Since the time of publication of For Darkness draws near, and I’ve been sending a lot of ARCs out into the world (and seeing a lot of reviews pop up on my twitter feed of late), I suppose it’s time to come clean.
I’ve become one of those authors who changes things in her proofs.
I know! 8 books in, and all of a sudden I start getting wild and crazy. Always before, changes would be for minor clarification purposes, like changing a “she said” to “Elliot said” in order to make it clear who is speaking, or adding timeline clarifications, like “two weeks later”. You’d have to look really hard to notice.
This is in contrast to a few writers I know, who are (cough, cough) infamous for rewriting swaths of their books at the proof stage. But I was never that person before.
Well, there was that time that the ARCs of a book randomly skipped paragraphs throughout its entirety. That little fiasco gave me heart palpitations the entire time the ARCs were circulating. (And no, I’m not telling you what book it was). But that wasn’t me making changes so much as making sure the changes I’d already made were implemented in the final book. It was a printer error.
Anyway, I feel like I should let you know, the ending of For Darkness Shows the Stars is different than the one that appears in the ARC. Now it ends on a total Austen crossover, with Mr. Darcy in a bathtub.
Kidding. I just wanted to post that picture. Hello, Fitzy. (Do you think Lizzie calls him that once they’re married? Emma and Mr. Knightly have this whole conversation about what she’s going to call him, and I assume Anne calls Captain Wentworth Frederick, and Elinor and Fanny already call their guys by their first names, but somehow… I mean, “Fitzwilliam?” I think she might just call him Darcy, don’t you?)
I digress. What I wanted to say was that this time, the changes are more than a “Elliot said.” And, seeing as how there are so many more consumers who read ARCs than there used to be (it’s crazy to think that when I started in this business, six short years ago, ARCs were read primarily by booksellers and professional paid reviewers, rather than bloggers, fans, and anyone who wants to pony up on eBay), I thought I’d give y’all a head’s up.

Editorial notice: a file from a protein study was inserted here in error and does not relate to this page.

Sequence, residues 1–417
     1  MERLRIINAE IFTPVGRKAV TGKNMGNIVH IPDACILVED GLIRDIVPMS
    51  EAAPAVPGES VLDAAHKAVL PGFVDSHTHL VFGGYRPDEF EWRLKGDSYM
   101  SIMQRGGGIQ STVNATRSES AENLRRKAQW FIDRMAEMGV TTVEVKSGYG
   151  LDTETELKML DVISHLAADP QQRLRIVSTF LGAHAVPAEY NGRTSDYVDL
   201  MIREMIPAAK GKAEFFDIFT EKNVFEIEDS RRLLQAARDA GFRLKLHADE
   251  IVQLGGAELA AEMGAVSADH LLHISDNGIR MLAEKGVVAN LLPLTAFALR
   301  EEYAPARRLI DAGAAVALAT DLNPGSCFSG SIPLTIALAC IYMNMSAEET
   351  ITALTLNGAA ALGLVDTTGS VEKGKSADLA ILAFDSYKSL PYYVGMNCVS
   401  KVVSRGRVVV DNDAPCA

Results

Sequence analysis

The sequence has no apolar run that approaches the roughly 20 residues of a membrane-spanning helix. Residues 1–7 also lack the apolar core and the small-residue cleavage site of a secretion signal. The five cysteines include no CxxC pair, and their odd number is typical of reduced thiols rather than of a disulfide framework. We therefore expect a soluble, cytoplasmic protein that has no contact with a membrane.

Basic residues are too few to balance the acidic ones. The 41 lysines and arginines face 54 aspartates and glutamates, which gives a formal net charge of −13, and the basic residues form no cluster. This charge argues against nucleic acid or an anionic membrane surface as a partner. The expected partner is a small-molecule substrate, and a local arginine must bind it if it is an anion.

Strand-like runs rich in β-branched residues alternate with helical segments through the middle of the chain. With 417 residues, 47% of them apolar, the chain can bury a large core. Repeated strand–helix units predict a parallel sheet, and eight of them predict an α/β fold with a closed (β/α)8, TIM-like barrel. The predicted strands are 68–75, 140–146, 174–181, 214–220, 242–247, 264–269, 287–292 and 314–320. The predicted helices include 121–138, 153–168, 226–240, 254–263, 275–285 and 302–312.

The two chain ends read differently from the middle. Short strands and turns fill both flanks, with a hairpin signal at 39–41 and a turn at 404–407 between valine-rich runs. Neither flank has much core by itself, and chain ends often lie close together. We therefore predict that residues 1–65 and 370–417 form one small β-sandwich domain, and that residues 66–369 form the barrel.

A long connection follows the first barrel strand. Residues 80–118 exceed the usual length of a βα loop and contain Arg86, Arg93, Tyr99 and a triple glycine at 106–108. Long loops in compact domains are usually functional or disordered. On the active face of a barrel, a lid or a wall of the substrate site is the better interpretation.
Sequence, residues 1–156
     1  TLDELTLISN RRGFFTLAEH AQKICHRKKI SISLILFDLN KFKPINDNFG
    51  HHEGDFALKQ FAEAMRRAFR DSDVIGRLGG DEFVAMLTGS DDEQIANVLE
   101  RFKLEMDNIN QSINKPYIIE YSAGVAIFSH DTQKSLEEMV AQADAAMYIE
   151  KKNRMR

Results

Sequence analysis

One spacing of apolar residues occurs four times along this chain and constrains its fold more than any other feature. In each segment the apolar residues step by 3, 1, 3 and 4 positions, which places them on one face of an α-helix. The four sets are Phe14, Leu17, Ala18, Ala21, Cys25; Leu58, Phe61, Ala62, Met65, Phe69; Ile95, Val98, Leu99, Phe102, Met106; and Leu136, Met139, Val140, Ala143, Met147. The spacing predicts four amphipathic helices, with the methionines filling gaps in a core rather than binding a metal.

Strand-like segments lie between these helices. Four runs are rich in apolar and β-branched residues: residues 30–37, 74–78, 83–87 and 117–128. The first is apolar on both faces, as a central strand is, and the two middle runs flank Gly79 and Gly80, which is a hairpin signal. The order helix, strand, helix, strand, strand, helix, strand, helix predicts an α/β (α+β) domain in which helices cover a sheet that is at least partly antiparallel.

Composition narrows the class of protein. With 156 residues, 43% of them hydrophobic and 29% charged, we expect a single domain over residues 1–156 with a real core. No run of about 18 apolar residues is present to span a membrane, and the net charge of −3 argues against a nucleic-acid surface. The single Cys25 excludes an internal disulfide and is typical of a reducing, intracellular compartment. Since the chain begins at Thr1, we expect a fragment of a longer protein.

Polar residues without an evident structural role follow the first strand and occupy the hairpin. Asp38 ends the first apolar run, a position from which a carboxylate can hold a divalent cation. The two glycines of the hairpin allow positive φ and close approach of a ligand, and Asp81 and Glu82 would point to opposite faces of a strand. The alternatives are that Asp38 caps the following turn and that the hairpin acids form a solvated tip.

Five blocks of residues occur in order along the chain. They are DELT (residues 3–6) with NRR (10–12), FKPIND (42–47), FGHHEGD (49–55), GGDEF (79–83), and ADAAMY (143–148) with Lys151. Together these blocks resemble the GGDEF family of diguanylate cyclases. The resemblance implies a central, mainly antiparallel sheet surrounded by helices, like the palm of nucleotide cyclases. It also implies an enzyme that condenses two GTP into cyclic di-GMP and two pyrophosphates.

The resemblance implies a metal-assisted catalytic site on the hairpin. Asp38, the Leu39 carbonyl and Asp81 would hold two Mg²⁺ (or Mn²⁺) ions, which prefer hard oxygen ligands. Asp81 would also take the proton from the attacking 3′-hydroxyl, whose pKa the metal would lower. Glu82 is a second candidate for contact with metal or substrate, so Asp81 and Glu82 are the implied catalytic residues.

On every ARC of every book I’ve ever written are words to this effect: “Reviewers are requested to check all quotations against the final bound book.” Let’s be honest here — do you think most people do that? After all, these days, most online reviews post before there’s even a final copy to check against. I remember a few years ago, one book even made the “changed ending” between the ARC and the final copy part of their internet marketing campaign.
I read the ending in question in this case. I didn’t consider it a real change. It was more of an extended clarification.
Basically, what happened to me was this: an early, early reader of the ARC got confused about what happened at the end of my book, so I went in and made sure no one else would be.
I think I’m in good company, though. One of my very favorite films, A LETTER TO THREE WIVES, has a famously confusing ending. On the DVD commentary of the film, Joseph Mankiewicz’s son relates an anecdote about how his father, the director/screenwriter, received a telegram from the aide to Douglas MacArthur saying he needed the ending explained to him before the general left the country. After watching and discussing the film on a regular basis with my mother for a period of year, I learned that she had interpreted the ending very, very differently than me.
Actually, she interpreted it the way General MacArthur did, so she’s in good company, too, as apparently even strategical geniuses can get this one wrong. All it takes is a different read on one character’s one line (shown in the screenshot above) to take the ending of this film in a totally different direction. I mean…. not for me. I think the final line of the film cinches the intended interpretation, but apparently not everyone (like my mom and General Douglas MacArthur) feels the same.
And yes, I’m being very, very non-spoilery, here, because if you haven’t seen A Letter to Three Wives, I highly recommend you do so ASAP. It’s fantastic.
And so, with the lesson of A Letter to Three Wives in my head, I went ahead and added in the clarifications, in case there was anyone who might have gotten confused by what exactly was going on. (Which I don’t know if there was — I haven’t seen any readers who got confused yet, but I also avoid reading as many reviews as possible, so it may be out there).
Though, honestly, it might have been cool to get a telegram from… well, from anyone, as I don’t even know if they send telegrams anymore.Though I suppose people don’t send you telegrams if they are confused about the ending of your book these days. They just rant on your book’s Amazon page. Or maybe Twitter. Either way, I’d prefer to avoid it, if possible.
In passing, this is my favorite telegram (click to embiggen):
Ah, Dorothy Parker. I wonder what you would do if someone ranted at you on Twitter.
I’d follow Dorothy Parker’s Twitter feed so hard you guys, you have no idea.
(Have I thrown in enough random references in this post? Darcy in a bathtub and Dorothy Parker? I blame the combination of upcoming-release-day insanity and revision-mania.)